Inspector General 135 Operators Require Increased FAA Scrutiny <


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Inspector General 135 Operators Require Increased FAA Scrutiny

By Mike Mitchell
  March 18, 2010 - On Wednesday, the Inspector General for the Department of Transportation, Calvin L. Scovel, testified before the Committee on Transportation and Infrastructure Subcommittee before the United States House of Representatives on the Federal Aviation Administration's (FAA) oversight of on-demand aircraft operators.

Scovel, indicated on-demand aircraft operations carries a number of safety risks, such as short, frequent flights with more takeoffs and landings, the most dangerous part of flight. Unlike large commercial carriers, on-demand flights often operate at altitudes that are vulnerable to terrain and weather hazards and utilize small airports without air traffic control towers or emergency equipment.
Scovel indicated the National Transportation Safety Board statistics showed that higher risks have translated into more accidents for on-demand operators. Over the last 10 years, on-demand operators have been involved in 155 fatal accidents, compared to 18 involving large commercial air carriers.

Scovel further stated the FAA’s oversight of this industry is primarily based on compliance with outdated regulations that are less rigorous than those for large commercial carriers in key areas, such as flight crew training requirements and aircraft maintenance inspections.

Scovel focused on three key areas in his testimony.

(1) The inherent risks surrounding on-demand operators.
(2) The need for an updated and effective regulatory framework given these risks.
(3) Challenges facing FAA in moving from compliance-based oversight to a risk-based approach.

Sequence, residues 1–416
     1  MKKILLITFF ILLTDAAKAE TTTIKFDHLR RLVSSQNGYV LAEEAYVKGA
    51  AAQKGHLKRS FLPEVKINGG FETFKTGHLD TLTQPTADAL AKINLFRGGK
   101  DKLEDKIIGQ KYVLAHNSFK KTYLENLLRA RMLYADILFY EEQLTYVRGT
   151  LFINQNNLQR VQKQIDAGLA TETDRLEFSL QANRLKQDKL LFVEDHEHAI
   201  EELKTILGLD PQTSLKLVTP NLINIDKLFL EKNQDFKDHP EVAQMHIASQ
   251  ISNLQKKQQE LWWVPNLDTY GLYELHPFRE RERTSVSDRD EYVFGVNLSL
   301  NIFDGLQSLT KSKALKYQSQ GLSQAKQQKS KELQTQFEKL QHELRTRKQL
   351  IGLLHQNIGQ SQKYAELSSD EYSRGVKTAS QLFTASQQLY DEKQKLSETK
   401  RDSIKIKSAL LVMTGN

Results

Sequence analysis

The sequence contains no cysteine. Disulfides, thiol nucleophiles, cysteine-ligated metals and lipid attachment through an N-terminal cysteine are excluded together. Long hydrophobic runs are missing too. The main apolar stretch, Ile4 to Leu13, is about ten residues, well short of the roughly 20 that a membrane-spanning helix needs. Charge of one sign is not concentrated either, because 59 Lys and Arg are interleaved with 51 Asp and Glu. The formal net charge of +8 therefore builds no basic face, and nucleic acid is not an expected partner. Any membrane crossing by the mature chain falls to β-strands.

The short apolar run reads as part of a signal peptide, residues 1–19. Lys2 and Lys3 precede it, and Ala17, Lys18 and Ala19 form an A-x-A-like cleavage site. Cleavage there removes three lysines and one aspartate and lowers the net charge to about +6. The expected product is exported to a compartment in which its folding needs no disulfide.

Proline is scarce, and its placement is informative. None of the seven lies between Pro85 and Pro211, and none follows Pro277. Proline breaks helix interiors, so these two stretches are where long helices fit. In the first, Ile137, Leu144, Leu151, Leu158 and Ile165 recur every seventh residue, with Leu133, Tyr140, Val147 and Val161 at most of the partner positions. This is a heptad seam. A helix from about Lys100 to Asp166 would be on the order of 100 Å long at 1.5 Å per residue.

Scovel sited that the mid-air collision between an air tour helicopter and a private aircraft over the Hudson River last August highlighted the inherent risks in on-demand operations and underscores the need for continued efforts to enhance oversight of this industry.

FAA has three tiers of aviation oversight conducted under three primary regulations: (1) private owner operations regulated under Part 91;2 (2) small, commercial operators flying primarily on-demand service regulated under Part 135;3 and (3) large, commercial air carriers regulated under Part 121.4

On-demand operators fly at the request of their customers and operate aircraft that are configured for 30 or fewer passengers or 7,500 pounds of payload or less. The operators comprising the on-demand industry segment can range from a company with 1 pilot and 1 aircraft to a company with over 600 aircraft. Operations include short flights to small regional airports, cross-country domestic flights, or international flights. Currently, there are more than 2,300 on-demand operators certificated by FAA across the country, compared to less than 100 large, commercial carriers. On-demand operators serve about 5,000 public airports compared to about 500 primary and commercial airports served by large carriers. These three industry segments have unique operating environments and serve very different markets.

Scovel stated current regulations for on-demand operators have not kept pace with industry changes. The on-demand industry has changed significantly over the past 30 years. Today, on-demand operators commonly use jet aircraft and fly more complex operations and international flights.

Scovel said despite these changes, FAA has not revised many Part 135 provisions since 1978. These regulations are also less rigorous than those for large, commercial carriers in key areas, such as flight crew requirements and maintenance inspections for aircraft (see table 1). Yet, FAA has not implemented recommendations made by its own Part 135 Aviation Rulemaking Committee or the NTSB to strengthen Part 135 regulations.

Scovel indicated to the committee that the FAA lacks an oversight approach that targets areas posing the greatest risk. Instead, FAA’s inspector work programs are based on pre-determined inspections designed at the national level. As a result, on-demand operators and activities with the most risk receive fewer FAA inspections. Inspectors are also challenged by a heavy and complex workload, training and turnover issues, and inadequate data regarding on-demand operations.

Additionally, Scovel stated, FAA inspections do not focus on higher risk on-demand operators and activities. On-demand operators with aircraft carrying nine or fewer passengers pose the highest risk in the industry and represent more than 85 percent of total on-demand operators.

Scovel stated to the committee on-demand operators play a vital role in commercial aviation but require increased FAA scrutiny. Because the on-demand operating environment carries inherently higher risks, adjustments are needed in FAA’s regulatory and oversight approach.

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